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  • Again the garrisons in the chief cities, such as Sardis, Babylon, Memphis Pelusium and Susa, were under commands distinct from those of the provinces.
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  • In Egypt and in Babylon he appeared as the restorer of the native religions to honour after the unsympathetic rule of the Persians.
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  • The temple of Marduk in Babylon which had fallen began to rise again at his command.
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  • A far more radical remodelling of the army was undertaken at Babylon in 323, by which the old phalanx system was to be given up for one in which the unit was to be composed of Macedonians with pikes and Asiatics with missile arms in combination - a change calculated to be momentous both from a military point of view in the coming wars, and from a political, in the close fusion of Europeans and Asiatics.
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  • The resettlement of dignities made in Babylon in 32 3, while it left the eastern commands practically undisturbed as well as that of Antipater in Europe, placed Perdiccas (whether as regent or as chiliarch) in possession of the kings' persons, and this was a position which the other Macedonian lords could not suffer.
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  • The title Belit was naturally transferred to the great mother-goddess Ishtar after the decline of the cult at Nippur, and we also find the consort of Marduk, known as Sarpanit, designated as Belit, for the sufficient reason that Marduk, after the rise of the city of Babylon as the seat of his cult, becomes the Bel or "lord" of later days.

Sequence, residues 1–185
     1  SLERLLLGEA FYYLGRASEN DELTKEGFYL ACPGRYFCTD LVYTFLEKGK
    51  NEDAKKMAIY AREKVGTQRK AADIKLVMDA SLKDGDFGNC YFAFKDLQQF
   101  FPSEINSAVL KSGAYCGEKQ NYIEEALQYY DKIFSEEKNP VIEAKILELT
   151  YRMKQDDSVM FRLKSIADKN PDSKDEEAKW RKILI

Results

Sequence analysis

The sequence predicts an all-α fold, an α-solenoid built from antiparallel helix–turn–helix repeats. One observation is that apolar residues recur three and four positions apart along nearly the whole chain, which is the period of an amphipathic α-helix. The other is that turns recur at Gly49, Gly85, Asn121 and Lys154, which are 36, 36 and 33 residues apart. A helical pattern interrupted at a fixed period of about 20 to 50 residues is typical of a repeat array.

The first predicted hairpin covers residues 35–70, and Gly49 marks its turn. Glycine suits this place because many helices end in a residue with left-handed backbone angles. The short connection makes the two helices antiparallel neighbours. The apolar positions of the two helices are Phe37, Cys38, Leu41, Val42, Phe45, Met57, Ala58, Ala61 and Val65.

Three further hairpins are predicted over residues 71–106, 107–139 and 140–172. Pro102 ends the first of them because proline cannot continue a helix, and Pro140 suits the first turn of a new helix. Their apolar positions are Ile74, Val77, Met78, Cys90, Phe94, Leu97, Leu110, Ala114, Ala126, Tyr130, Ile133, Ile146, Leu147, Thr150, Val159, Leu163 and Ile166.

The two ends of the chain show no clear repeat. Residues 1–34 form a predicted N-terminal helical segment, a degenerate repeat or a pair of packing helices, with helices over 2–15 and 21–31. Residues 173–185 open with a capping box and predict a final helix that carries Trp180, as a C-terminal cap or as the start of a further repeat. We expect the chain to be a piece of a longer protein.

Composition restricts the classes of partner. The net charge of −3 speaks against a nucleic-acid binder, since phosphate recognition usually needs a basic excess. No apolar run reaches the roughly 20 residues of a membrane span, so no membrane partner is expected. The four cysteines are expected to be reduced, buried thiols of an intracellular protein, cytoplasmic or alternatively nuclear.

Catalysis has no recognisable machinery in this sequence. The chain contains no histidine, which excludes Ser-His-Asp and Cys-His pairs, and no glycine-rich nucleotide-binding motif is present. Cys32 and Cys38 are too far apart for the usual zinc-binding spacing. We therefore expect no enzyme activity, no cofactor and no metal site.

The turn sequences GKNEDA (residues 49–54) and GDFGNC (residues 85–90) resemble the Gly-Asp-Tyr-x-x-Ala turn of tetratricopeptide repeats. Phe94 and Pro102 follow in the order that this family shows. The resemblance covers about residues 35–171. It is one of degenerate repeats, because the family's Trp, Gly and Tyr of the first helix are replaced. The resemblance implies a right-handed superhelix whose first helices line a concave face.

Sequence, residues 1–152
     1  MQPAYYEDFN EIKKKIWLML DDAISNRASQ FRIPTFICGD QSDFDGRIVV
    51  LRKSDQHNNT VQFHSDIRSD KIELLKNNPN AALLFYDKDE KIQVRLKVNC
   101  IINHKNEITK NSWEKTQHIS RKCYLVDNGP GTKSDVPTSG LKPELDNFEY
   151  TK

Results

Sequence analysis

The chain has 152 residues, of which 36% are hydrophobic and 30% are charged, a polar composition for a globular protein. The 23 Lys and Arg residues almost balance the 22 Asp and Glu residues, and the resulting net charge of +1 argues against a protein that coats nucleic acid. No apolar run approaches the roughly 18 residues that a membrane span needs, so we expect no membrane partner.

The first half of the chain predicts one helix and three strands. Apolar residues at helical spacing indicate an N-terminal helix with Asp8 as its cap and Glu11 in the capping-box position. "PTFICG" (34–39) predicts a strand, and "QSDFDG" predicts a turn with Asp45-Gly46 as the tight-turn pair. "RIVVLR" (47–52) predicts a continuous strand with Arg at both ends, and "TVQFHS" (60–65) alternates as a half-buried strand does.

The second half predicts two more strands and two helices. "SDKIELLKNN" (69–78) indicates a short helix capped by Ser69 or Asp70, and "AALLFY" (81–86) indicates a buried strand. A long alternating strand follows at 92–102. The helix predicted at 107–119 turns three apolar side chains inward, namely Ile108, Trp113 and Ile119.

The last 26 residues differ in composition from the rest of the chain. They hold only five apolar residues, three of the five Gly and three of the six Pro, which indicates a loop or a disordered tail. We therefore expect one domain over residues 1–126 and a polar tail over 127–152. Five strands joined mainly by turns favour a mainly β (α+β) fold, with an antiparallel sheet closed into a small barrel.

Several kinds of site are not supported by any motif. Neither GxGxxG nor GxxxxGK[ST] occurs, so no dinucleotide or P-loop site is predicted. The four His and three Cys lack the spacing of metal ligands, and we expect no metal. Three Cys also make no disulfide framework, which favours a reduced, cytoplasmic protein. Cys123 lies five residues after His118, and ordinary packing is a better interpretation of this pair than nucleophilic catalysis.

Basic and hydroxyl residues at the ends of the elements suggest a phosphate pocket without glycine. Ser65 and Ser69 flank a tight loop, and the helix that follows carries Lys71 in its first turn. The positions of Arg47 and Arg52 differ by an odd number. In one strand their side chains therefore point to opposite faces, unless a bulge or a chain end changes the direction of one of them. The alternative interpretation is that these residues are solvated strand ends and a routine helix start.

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  • It is possible that these primitive efforts of American Indians might have been further developed, but the Spanish conquest put a stop to all progress, and for a consecutive history of the map and map-making we must turn to the Old World, and trace this history from Egypt and Babylon, through Greece, to our own age.
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  • All the buildings, both public and private, are constructed of furnaceburnt bricks of a yellowish-red colour, principally derived from the ruins of other places, chiefly Madain (Ctesiphon), Wasit and Babylon, which have been plundered at various times to furnish materials for the construction of Bagdad.
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  • Inscribed bricks found in the neighbourhood seem to connect this ruin with Kurigalzu, king of Babylon about 1300 B.C..
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  • Within the limits of the city itself, on the west bank of the Tigris, are the remains of a quay, first observed by Sir Henry Rawlinson, at a period of low water, in 1849, built of bricks laid in bitumen, and bearing an inscription of Nebuchadrezzar, king of Babylon.
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  • Like old Babylon, also, Bagdad was celebrated throughout the world for its brilliantcoloured textile fabrics.
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  • His worship spread with the empire of the Persians throughout Asia Minor, and Babylon was an important centre.
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  • The latter view is not so strange as it may at first appear, for the new book has this peculiarity, that Babylon and Cyrus are not mentioned in it at all.
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  • These two oracles agree in the elaborateness of their description of the fearful fate of the enemies of Yahweh (Babylon and Edom are merely representatives of a class), and also in their view of the deliverance and restoration of Israel as an epoch for the whole human race.
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  • It is the ode on the fall of the king of Babylon in chap. xiv.